Thursday, February 28, 2013
Do Jews Run Hollywood? "The Gatekeepers" comes to town, Moses vs. Aaron, A Stiff-Necked Shabbat-Across-America-O-Gram
Ah, the craziness of Purim; for more photos see OUR PURIM ALBUM
The Shabbat-O-Gram is sponsored by Mia and Lonny Weinstein
in honor of their son, Edward, becoming a Bar Mitzvah.
This weekend is the 17th annual Shabbat Across America. Even if you are not signed up for our SAA dinner, there are two things you can do join thousands of others who are becoming part of the biggest, boldest continent-wide event unifying Jewish communities across North America:
1) Have a great Shabbat dinner at home or at a friend's. You can download this packet of materials with all the info you need to do Shabbat on your own.
2) THEN COME HERE FOR OUR Musical "Shabbat With a Global Spin." (see flyer at bottom). Cantor Mordecai has put together a very special service with the help of some superb musicians from NYC. Come and bring lots of friends!!!!!
Mazal tov to Eddie Weinstein and family - Eddie becomes Bar Mitzvah this Shabbat morning. During the service we're going to focus on the two key figures of the Golden Calf episode, which is read in the Torah that morning: Aaron and Moses. One was known for patience, the other for action. Which trait makes for a better leader? See the parsha packet for a sneak preview. It's also Shabbat Parah. Read about its significance.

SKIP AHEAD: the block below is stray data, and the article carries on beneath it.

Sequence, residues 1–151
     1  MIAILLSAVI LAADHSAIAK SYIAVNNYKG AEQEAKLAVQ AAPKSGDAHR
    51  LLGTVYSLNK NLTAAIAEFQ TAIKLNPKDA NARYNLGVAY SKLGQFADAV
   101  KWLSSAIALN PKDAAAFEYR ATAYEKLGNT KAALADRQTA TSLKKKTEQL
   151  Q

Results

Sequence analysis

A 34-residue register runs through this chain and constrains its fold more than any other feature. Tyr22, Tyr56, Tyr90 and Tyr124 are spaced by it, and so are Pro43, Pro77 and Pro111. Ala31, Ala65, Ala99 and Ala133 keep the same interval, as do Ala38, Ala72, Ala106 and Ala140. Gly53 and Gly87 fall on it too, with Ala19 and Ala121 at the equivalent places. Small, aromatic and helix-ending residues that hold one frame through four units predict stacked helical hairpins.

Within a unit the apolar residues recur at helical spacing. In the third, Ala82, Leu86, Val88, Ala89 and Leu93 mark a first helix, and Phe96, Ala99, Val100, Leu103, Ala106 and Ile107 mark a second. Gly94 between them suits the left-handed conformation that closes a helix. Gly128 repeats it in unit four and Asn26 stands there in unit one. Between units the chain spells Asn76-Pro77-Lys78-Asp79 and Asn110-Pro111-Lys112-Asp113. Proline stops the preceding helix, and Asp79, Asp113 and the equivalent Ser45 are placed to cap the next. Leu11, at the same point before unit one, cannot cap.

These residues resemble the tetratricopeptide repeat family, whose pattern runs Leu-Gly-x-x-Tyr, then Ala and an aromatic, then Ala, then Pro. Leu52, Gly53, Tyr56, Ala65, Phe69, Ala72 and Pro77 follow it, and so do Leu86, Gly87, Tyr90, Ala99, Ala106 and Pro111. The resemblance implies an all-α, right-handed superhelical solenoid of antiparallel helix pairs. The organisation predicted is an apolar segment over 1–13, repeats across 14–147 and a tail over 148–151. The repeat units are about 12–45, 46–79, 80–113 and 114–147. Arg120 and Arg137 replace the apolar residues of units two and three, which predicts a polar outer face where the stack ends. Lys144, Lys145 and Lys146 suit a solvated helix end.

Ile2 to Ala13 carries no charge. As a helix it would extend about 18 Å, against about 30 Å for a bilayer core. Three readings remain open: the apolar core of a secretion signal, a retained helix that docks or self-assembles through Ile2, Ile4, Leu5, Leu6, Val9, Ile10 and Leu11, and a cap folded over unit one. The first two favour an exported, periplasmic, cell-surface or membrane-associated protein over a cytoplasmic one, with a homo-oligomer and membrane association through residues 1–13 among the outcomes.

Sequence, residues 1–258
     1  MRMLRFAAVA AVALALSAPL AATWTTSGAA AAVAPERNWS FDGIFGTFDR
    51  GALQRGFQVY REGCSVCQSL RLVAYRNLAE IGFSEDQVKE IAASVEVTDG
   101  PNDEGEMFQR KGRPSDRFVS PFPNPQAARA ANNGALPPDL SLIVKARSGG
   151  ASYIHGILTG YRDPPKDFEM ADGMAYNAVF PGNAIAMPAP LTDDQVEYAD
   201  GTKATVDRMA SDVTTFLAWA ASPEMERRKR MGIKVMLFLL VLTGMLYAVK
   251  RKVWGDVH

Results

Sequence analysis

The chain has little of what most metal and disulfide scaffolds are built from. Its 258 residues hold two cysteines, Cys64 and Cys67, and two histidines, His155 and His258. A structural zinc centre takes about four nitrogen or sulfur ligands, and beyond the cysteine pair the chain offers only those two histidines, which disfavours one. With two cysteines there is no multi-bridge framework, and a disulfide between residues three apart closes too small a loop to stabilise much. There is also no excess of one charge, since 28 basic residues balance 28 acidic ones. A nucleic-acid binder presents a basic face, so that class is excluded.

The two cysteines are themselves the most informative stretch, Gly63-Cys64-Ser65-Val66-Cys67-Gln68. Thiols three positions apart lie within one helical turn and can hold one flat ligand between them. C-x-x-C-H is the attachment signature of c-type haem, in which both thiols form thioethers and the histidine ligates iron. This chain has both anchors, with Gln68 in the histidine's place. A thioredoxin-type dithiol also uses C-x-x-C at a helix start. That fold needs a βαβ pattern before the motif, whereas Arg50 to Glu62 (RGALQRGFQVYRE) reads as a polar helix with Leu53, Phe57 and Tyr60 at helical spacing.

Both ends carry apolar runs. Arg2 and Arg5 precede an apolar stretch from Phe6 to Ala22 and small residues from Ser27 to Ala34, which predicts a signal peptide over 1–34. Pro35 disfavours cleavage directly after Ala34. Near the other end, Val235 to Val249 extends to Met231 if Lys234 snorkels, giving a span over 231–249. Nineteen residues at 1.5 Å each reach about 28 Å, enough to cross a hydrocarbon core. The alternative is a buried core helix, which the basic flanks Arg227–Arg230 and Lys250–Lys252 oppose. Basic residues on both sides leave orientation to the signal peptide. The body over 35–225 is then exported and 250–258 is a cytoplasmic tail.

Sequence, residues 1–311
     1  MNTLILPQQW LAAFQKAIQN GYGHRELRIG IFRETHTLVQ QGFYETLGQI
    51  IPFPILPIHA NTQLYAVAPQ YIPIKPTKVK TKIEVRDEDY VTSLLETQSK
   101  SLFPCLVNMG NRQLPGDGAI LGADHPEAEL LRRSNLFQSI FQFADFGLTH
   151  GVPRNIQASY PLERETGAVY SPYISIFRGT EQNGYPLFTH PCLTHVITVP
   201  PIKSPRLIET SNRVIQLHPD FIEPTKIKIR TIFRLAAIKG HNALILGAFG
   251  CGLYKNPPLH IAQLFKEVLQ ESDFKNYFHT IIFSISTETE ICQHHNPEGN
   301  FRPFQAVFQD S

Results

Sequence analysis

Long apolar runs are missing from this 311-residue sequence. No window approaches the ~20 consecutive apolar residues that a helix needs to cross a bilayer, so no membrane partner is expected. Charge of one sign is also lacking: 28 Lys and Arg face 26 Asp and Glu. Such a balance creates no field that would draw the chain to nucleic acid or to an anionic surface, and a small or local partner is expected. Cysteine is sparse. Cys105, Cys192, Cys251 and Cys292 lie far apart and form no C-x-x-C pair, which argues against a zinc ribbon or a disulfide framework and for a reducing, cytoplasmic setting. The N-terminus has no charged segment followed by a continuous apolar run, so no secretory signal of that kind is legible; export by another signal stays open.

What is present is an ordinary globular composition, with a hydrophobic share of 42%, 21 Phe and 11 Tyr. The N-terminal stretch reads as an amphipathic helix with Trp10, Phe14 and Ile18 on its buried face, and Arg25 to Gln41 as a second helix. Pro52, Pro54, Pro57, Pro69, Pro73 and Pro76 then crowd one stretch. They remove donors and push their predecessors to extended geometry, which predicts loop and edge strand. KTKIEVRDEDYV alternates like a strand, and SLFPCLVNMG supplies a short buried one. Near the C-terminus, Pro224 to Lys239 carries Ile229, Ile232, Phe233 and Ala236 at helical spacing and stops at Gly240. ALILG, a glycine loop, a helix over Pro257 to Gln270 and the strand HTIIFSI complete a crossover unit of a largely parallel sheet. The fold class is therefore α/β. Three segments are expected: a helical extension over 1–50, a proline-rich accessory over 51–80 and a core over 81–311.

Oscar Follow Up: "The Gatekeepers" in Stamford
One of Israel's two best-documentary nominees is coming to the Avon this weekend. The Gatekeepers has been called "A documentary potent enough to alter how you see the world..." by the L.A. Times. It features interviews with a half dozen former heads of Israel's secret security services, and their testimony is - from what I hear - mind boggling. At a time when Israel is justifiably wary of all that is going on, it is hard to consider what it could be doing to advance the chances for a two state solution; but evidently that does not stop these Shin Bet leaders from suggesting that Israel could still be doing much more. I'll have to see the film before further comment.
I will not be at AIPAC next week, but I look forward to Shalom TV's coverage (channel 138) and hearing about it from our TBE congregants attending, including three of our teens - and if you are going there, look for my son Dan, who has been putting in mega-hours as an AIPAC intern this semester in Washington. You can download the AIPAC 2013 app from iTunes and follow a live stream of the conference on AIPAC's website.
Oscars Follow Up: Do the Jews Run Hollywood?
Last week's Academy Awards presentation was noteworthy for its tasteless humor. Although I am one of the handful of people who actually liked the film "Ted" when it came out last summer (must be those scenes at Fenway), the Seth MacFarlane teddy bear character crossed the line last week in comments made about secret synagogue meetings and Jews running Hollywood.